In all the reported structures of catalytic domains from PPPs the central proline in the highly conserved SAPNY sequence shows the peptidyl trans isomer found also in the trans-CNA subunit in this work [21, 23, 33]. Strikingly, in the only available structure of a protein unrelated to PPP phosphatases containing a SAPNY sequence (the prokaryotic enzyme family 5-xyloglucanase, PDB codes 2JEP and 2JEQ), the peptide forms a solvent exposed turn with a central cis-proline that is essentially identical to the structure found in cis-CNA (Fig 3c). The parallel pairing of β14 strands from neighbor CNA subunits having to deviate from a symmetric two fold interaction can explain, at least in part, the presence of the alternative conformations. This supports the feasibility of the trans- to cis transition, not yet detected directly in vivo, when the appropriated interactions with other proteins are involved. The standard PxIxIT binding site in the trans-CNA subunit (sequence VMNIRQF starting with Val328), is occupied by the shifted sequence AAVLKYE (starting with Ala319) from the β14 strand of the neighbor cis-CNA (Figs 1b and 2b). However, the peptide NNKAAVLKYE, containing the sequence of β-14 strand of cis-CNA, does not interfere with high affinity interactions between CN and peptides or proteins containing a PxIxIT motif such a the NFATc2-derived SPRIEIT peptide in fluorescence polarization assays (Fig 6a) and the GSTRCAN3 (Fig 6b) or the GSTNFATc2 (Fig 6c) proteins in pull down assays. In contrast, the RCAN3-derived R3183-203 peptide, which includes a PxIxIT motif, is able to disrupt CN interaction with proteins containing a PxIxIT motif. The corresponding site in the β14 strand of the cis-CNA subunit (AAVLKY) interacts with the NVMNIR sequence (starting with Asn327 from the β14 strand of the neighbor trans-CNA subunit). The reverse cis- to trans-CNA transition might be enhanced by peptidyl-prolyl isomerase enzymes (PPIs), given the accessibility of Pro309 exposed at the molecular surface (Fig 4d). In fact, a wealth of data exists that defines CN as one of the in vivo targets of FKBP12 and CypA, two ubiquitous PPIs that are known to physically interact with and modulate CN even in the absence of the FK506 and CsA immunosuppressant drugs[34, 35]. Furthermore, structures of CN in complex with either FKBP12-FK506 [11, 12] or with CypA-CsA [19, 20] place both PPIs in similar locations (Fig 7a and 7b) having access to Pro309 if the cis-CNA conformation is adopted. Docking of the structure of the complex of CypA with the Ala-cisPro dipeptide (PDB code 2CYH) onto cis-CNA by superimposition of the Ala-cisPro fragments of both structures indicates a close interaction between CypA and the catalytic domain of CNA (Fig 7c and 7d), which can explain why CNB is dispensable for the FKBP12-CN binary complex but required for the ternary complex with FK506[34]. A prolyl isomerization process provides a rationale for the intriguing interactions of CN and PPIs, with natural products CsA and FK506 capitalizing upon these inherent interactions[34]. A similar isomerization mechanism could also operate for the mammalian target of rapamycin kinase (mTOR), which forms a ternary complex with FKBP12 and the natural product rapamycin[36]. Phosphorylation-dependent prolyl isomerization has been proposed as a molecular timer to modulate the amplitude and duration of cellular processes[37]. Complex patterns of regulation could also result from prolyl isomerization and PPIs modulating Cn.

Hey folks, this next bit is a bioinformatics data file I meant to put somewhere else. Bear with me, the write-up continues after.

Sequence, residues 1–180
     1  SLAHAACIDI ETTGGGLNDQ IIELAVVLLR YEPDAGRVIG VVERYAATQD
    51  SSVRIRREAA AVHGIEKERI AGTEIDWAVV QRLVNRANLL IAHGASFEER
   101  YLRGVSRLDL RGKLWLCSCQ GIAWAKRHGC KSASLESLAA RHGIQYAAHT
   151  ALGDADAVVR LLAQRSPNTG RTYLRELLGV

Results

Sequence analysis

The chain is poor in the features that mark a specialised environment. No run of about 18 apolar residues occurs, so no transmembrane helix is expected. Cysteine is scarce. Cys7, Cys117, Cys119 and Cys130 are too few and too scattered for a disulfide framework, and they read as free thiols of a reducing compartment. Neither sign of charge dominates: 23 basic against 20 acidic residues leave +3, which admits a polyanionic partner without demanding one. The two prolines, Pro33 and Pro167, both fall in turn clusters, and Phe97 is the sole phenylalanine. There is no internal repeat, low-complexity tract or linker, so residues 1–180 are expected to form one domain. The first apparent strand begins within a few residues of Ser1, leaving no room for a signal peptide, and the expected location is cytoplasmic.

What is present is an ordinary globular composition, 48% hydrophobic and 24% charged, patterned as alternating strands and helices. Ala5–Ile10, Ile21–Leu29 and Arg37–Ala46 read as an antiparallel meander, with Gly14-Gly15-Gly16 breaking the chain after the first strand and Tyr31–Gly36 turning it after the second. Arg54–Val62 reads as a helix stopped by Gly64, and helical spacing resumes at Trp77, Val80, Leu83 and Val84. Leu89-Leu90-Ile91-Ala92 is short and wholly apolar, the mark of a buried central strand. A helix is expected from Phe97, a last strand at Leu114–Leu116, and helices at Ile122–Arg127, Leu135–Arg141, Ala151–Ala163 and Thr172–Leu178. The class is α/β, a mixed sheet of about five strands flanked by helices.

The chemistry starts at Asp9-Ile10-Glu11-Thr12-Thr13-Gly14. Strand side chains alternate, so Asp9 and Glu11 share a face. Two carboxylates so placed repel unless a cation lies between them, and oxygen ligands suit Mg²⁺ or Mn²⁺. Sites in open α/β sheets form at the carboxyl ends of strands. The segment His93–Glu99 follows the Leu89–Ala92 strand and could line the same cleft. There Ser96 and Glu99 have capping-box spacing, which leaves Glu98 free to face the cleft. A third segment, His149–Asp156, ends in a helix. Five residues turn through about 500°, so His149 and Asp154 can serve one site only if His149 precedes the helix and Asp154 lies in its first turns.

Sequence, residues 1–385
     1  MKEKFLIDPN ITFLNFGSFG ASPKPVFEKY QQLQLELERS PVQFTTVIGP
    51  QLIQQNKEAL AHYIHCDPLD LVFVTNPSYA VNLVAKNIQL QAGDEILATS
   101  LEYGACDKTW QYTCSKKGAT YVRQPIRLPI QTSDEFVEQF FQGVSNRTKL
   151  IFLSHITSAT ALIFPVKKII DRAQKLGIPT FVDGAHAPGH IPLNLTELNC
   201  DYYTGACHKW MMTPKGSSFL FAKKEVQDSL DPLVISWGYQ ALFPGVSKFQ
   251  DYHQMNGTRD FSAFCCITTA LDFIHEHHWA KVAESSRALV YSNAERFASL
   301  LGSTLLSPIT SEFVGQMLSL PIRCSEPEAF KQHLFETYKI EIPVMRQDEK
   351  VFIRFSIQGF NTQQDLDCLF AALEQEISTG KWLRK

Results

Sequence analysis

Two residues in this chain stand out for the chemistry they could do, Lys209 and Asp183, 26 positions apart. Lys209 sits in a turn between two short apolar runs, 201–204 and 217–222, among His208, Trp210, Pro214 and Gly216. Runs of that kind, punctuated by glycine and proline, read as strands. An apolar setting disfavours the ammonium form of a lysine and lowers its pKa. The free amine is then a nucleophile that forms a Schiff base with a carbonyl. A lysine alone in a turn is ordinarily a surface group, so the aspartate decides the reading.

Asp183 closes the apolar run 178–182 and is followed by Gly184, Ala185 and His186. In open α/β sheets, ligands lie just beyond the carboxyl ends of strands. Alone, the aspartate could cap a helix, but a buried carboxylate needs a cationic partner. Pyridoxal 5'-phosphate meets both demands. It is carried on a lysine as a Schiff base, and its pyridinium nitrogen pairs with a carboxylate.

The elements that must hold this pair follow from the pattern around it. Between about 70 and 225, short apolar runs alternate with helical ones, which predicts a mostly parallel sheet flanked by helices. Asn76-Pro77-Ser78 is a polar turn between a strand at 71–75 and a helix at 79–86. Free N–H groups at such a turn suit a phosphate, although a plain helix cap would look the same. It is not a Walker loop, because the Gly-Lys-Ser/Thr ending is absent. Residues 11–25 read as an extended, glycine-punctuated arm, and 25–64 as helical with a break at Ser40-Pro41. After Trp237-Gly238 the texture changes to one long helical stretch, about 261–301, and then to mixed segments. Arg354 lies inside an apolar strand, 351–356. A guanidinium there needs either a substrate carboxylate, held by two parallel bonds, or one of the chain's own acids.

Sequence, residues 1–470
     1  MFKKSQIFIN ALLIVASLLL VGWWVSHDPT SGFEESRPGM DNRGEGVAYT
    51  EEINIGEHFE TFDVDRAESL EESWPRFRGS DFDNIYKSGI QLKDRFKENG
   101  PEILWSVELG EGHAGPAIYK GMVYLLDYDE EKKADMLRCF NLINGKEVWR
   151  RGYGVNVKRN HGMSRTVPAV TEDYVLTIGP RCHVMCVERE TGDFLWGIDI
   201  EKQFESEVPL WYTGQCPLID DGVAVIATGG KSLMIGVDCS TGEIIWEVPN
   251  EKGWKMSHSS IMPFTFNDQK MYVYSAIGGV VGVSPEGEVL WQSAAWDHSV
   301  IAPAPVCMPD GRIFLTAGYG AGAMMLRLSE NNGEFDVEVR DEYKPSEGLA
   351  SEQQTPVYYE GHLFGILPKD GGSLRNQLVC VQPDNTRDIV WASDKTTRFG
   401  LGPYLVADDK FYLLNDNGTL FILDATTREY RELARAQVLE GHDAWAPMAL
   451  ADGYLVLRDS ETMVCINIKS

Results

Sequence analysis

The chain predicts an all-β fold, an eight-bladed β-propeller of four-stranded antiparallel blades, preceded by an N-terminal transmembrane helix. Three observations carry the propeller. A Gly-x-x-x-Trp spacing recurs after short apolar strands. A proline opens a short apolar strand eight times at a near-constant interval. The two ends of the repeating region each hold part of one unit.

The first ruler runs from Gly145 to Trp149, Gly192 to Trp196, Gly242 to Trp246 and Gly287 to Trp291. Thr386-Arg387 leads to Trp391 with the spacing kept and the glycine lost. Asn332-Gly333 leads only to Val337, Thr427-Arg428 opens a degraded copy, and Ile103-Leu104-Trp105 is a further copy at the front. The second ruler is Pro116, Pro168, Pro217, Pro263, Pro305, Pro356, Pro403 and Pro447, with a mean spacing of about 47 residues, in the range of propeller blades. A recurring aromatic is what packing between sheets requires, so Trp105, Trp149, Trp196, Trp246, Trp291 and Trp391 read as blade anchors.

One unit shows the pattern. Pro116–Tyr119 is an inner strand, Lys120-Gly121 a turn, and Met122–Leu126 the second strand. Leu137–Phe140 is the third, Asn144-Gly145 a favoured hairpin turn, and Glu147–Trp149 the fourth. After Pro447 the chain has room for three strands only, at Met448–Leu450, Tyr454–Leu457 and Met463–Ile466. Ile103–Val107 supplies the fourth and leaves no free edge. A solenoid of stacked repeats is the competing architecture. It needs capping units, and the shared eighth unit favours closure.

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Fig 6. The conserved cis-CNA β14 strand structure does not seem to include a functional PxIxIT binding site.